Under the federal Fair Labor Standards Act (FLSA), employers must pay overtime – time and a half – to employees who work more than 40 hours in a workweek. While most employees are covered by this rule, certain categories of employees are exempt from the overtime requirements, which means they are not entitled to earn overtime.
Some employees are exempt simply because of their occupations, regardless of how much they are paid. For other job categories, however, the employee must perform certain job duties and must also meet a salary test in order to be exempt from overtime. Under the salary test, the employee must earn at least $455 per week and be paid on a “salary basis.”
Only certain categories of jobs are subject to the salary basis test. They include:
For more information on these exemptions, see Understanding the White Collar Exemptions.
You are paid on a salary basis if you receive your full salary for any week in which you perform any work, regardless of how many hours you work or the quality or amount of work you do. The purpose of this rule is to make sure that employers don’t treat exempt employees like hourly employees. In exchange for not having to pay exempt employees overtime, employers are required to treat them more like professionals who have some discretion in planning their days and determining how to meet their job requirements.
An employer may pay an employee less than a full week’s salary (referred to as “docking” the employee’s pay) without breaking the salary basis rule if the employee takes time off:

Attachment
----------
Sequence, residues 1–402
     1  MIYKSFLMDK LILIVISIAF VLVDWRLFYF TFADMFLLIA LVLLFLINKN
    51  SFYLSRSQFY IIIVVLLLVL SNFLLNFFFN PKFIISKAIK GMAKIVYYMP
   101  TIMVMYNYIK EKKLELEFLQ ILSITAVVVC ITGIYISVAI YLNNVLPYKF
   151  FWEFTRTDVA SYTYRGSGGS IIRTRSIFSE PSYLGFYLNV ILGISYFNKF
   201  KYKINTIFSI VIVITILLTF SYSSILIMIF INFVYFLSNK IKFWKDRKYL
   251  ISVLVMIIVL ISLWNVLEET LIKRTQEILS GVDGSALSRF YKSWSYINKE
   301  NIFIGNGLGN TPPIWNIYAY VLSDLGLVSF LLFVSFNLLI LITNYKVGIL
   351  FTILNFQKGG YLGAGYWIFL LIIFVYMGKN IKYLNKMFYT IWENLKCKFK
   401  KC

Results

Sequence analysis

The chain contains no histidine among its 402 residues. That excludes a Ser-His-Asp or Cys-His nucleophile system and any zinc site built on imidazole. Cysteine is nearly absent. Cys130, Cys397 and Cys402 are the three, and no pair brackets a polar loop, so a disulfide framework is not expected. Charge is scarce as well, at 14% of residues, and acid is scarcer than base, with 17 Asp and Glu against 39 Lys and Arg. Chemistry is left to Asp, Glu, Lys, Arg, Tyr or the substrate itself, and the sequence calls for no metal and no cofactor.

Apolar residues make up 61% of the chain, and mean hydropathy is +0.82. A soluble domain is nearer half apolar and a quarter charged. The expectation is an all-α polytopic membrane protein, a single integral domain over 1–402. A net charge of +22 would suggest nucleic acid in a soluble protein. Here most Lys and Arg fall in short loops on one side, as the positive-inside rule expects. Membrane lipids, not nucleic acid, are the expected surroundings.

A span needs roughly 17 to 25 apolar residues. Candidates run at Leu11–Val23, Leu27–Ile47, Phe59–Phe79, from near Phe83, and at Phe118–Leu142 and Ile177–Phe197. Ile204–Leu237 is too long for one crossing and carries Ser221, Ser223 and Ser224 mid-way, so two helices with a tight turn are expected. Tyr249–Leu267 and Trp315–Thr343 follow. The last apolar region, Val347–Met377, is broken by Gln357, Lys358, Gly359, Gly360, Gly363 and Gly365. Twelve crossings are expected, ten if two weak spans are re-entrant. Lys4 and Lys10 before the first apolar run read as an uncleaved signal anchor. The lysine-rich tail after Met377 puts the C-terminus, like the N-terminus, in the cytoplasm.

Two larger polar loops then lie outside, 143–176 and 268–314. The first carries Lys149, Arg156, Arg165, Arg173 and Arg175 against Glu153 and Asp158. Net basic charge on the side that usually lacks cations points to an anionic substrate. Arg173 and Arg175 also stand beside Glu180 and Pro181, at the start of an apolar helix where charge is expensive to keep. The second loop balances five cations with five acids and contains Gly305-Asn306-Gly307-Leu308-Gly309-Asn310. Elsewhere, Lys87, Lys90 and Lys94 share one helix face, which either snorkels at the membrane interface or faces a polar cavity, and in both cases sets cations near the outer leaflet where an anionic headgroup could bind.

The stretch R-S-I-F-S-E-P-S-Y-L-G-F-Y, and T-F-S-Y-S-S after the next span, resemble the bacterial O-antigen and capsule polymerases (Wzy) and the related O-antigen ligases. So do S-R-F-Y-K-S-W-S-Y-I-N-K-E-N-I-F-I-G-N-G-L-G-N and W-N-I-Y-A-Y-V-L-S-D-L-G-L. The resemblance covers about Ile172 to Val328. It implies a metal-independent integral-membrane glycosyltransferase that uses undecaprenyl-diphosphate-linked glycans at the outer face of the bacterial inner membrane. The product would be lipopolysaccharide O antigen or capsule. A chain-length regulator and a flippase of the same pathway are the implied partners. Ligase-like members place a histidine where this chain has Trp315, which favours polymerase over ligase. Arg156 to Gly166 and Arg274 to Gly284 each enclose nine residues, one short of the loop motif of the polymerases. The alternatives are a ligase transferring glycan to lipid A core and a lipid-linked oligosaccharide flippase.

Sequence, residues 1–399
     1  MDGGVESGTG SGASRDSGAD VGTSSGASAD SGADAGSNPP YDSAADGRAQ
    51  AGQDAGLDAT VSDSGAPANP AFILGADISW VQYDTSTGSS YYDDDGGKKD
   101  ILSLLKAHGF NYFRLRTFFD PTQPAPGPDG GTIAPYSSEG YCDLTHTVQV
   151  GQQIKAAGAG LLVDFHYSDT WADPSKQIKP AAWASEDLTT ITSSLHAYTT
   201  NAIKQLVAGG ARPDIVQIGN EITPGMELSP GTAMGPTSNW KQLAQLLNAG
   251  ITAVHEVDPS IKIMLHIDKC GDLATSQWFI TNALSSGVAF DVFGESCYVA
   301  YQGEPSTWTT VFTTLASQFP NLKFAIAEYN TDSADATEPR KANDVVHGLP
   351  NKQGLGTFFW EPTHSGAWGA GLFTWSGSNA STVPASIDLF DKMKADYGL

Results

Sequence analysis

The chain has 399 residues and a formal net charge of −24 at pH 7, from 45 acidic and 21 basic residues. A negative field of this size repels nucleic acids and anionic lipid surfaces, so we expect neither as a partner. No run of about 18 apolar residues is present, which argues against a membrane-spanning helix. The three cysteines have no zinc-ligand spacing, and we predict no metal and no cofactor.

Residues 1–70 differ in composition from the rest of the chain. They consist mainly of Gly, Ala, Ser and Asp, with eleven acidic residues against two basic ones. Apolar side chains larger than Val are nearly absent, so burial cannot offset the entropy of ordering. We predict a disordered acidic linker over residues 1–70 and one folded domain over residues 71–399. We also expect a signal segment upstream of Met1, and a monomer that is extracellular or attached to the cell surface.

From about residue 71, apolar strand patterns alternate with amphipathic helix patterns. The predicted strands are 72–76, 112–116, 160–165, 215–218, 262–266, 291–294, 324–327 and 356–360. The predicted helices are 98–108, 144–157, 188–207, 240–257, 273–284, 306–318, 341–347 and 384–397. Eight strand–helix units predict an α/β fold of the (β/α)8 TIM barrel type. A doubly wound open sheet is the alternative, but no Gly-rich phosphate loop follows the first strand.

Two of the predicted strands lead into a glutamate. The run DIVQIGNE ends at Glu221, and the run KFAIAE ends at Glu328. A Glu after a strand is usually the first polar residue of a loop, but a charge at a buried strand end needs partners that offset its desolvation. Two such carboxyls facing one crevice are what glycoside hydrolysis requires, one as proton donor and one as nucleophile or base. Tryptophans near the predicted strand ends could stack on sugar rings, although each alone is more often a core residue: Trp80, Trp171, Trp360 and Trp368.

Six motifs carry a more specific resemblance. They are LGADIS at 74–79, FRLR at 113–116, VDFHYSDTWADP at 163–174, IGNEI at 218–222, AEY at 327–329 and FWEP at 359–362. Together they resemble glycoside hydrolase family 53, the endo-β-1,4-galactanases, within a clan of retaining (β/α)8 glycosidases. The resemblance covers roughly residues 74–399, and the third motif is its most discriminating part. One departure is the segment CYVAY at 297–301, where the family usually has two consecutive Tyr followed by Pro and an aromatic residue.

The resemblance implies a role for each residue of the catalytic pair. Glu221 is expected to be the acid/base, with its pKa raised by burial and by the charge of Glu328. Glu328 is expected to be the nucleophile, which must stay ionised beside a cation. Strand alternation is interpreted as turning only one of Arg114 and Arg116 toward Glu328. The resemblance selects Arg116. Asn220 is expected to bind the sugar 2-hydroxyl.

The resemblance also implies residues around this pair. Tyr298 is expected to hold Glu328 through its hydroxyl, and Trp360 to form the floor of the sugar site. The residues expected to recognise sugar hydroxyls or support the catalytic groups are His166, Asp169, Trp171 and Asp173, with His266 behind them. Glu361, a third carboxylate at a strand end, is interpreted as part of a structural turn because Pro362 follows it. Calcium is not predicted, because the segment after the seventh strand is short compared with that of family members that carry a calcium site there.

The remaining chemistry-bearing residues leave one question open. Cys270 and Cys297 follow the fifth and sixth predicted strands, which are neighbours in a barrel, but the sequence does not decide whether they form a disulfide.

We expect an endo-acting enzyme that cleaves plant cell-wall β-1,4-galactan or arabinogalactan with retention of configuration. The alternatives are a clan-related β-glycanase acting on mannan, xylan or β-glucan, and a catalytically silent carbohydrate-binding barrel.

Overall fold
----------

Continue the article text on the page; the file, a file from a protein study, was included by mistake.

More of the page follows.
If your employer doesn’t follow the salary basis rule (for example, by docking your pay in circumstances not covered by one of the exceptions listed above or by adjusting your pay up and down each week to correspond to how many hours you work), you may be entitled to compensation. Employers won’t be legally liable if the pay docking is isolated and inadvertent, as long as employees are promptly reimbursed for any money accidentally withheld. And, even if the pay docking isn’t isolated and inadvertent, employers can take advantage of the FLSA's “safe harbor” provision to avoid losing the exemption status if all of the following are true:
However, if an employer cannot claim the safe harbor provision, it could lose the overtime exemption for all employees in the job category that was improperly docked. In other words, your employer would owe you, and your coworkers in the same job position, overtime pay for any hours worked beyond 40 hours in a work week.
If you believe your employer has failed to pay you on a salary basis, an experienced employment lawyer can assess your case and help you decide how best to protect your interests.